Iran has developed a new generation of centrifuges which are 15 times more powerful than those currently being used to enrich uranium, its atomic chief Ali Akbar Salehi said Monday.
"We unveiled a new generation of centrifuges that surprised the Westerners ... This new machine is 15 times more powerful than the previous generation," he said, quoted by the state broadcaster on its website, iribnews.ir.
He said the development was not in violation of a November 24 agreement between Iran and six world powers that has imposed curbs on Tehran's nuclear drive.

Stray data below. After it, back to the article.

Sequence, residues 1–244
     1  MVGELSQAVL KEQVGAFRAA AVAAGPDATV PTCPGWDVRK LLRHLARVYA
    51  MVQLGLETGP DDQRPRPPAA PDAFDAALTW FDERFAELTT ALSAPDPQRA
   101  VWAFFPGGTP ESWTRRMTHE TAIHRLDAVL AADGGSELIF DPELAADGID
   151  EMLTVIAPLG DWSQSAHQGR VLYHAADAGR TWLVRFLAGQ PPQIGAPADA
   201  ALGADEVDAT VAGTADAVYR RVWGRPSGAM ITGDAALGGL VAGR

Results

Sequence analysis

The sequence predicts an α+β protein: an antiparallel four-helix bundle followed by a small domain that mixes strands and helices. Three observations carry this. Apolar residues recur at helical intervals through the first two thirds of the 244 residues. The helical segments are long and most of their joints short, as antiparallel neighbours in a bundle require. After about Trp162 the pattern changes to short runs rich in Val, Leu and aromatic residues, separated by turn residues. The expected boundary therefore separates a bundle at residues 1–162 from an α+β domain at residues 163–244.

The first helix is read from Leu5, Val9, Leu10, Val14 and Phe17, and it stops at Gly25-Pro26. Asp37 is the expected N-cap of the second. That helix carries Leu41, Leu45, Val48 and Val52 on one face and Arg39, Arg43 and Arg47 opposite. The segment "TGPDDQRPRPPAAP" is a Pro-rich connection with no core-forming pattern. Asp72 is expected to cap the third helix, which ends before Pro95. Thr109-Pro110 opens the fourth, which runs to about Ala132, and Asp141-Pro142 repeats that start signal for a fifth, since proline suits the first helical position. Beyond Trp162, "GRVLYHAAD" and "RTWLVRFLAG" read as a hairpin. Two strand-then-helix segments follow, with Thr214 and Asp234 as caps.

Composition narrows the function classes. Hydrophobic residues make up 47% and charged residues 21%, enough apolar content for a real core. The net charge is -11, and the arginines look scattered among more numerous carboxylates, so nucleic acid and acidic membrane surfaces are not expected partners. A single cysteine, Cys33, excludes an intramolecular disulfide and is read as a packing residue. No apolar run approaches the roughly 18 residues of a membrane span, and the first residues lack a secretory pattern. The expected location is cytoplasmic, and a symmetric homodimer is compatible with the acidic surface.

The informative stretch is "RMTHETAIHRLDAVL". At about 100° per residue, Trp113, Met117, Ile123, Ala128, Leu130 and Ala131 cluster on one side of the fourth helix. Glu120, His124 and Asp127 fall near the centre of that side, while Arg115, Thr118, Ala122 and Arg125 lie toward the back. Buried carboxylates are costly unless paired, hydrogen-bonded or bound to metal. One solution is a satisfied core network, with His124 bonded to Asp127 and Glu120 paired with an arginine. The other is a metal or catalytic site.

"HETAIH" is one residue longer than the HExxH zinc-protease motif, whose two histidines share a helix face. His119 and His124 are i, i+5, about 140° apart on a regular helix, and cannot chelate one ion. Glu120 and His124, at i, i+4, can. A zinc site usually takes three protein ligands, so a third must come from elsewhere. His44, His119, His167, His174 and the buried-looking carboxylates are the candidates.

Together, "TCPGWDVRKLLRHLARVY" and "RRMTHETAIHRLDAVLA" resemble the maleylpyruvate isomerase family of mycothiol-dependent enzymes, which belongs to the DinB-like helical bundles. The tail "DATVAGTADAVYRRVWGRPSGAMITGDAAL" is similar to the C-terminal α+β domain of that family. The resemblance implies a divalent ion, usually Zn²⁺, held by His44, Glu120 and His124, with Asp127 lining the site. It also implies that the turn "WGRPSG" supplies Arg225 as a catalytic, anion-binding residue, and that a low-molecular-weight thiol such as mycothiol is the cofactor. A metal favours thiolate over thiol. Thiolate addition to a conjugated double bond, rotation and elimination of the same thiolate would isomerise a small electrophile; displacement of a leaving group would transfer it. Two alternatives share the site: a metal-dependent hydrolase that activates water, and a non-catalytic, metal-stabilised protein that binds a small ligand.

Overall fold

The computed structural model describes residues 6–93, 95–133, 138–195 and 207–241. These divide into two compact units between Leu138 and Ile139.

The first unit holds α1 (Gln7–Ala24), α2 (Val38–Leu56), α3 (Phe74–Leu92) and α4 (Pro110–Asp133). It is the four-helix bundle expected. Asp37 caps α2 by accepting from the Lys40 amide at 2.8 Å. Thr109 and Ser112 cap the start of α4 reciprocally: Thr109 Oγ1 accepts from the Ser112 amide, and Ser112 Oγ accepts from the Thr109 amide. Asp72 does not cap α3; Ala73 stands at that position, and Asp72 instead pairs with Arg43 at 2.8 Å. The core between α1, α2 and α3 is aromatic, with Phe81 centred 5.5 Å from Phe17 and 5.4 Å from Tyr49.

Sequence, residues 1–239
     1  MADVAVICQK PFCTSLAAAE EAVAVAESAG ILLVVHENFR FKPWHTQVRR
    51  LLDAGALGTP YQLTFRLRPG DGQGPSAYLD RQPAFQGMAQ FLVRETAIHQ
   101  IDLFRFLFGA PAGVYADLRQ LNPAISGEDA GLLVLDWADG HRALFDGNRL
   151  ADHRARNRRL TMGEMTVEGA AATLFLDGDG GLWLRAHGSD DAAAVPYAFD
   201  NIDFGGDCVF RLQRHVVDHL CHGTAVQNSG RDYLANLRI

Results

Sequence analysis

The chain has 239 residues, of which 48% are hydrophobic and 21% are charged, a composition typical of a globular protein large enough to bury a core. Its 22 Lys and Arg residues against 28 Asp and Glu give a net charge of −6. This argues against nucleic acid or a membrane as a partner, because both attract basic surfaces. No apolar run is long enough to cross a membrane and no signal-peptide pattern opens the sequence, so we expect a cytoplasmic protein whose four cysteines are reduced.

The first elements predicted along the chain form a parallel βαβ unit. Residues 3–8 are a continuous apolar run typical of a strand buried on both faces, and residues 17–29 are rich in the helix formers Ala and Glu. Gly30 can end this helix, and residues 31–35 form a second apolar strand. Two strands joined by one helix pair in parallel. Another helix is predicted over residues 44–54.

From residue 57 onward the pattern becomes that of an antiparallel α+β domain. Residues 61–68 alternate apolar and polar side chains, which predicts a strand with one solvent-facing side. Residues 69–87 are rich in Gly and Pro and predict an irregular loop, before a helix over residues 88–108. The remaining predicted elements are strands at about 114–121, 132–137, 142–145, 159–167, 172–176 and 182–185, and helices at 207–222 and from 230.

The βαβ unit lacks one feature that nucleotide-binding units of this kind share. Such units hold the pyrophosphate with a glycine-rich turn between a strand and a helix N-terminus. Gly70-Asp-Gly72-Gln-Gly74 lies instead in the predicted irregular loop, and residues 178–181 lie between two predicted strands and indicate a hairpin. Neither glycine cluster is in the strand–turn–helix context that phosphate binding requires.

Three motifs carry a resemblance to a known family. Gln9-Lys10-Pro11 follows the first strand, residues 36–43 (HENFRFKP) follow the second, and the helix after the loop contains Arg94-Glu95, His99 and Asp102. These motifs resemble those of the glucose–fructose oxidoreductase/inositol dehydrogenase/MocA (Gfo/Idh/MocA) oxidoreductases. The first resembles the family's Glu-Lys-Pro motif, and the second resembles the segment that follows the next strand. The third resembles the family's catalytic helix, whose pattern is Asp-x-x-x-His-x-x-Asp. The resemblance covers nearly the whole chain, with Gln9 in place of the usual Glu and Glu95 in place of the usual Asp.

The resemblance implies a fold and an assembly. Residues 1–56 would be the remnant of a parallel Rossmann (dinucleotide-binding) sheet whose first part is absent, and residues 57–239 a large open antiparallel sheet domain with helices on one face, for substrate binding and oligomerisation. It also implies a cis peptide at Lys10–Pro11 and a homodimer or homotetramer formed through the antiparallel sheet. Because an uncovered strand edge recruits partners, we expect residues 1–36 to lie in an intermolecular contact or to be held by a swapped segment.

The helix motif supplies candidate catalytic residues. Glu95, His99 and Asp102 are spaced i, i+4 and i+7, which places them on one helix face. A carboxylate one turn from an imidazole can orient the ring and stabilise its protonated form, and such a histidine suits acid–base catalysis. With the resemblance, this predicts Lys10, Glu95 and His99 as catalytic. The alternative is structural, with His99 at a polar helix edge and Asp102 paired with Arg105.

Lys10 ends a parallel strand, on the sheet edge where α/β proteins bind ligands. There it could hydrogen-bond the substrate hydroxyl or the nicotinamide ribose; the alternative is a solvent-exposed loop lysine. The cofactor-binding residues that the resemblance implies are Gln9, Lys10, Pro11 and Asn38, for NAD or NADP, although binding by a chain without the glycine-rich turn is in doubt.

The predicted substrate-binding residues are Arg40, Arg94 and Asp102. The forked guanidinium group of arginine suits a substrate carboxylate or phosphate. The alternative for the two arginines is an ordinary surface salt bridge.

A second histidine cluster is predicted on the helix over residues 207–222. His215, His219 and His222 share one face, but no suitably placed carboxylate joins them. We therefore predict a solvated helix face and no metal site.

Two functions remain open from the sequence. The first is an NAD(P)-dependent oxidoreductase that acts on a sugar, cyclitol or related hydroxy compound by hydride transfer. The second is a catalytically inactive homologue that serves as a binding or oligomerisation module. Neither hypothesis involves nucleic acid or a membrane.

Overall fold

"We successfully argued that this was allowed within the research and development article in the agreement," Salehi added.
Iran currently has nearly 19,000 centrifuges, including 10,000 of the so-called first generation being used to enrich uranium.
Some 1,000 second generation machines, three to five times more powerful, have been installed but are not in service.
Under the November deal, Iran cannot increase the number of its centrifuges.
Salehi did not say when the new centrifuges would become operational, but a first machine was to be delivered to a medical centre in Karaj, west of Tehran, "within two or three months."
Explore further: Turning bio-waste into hydrogen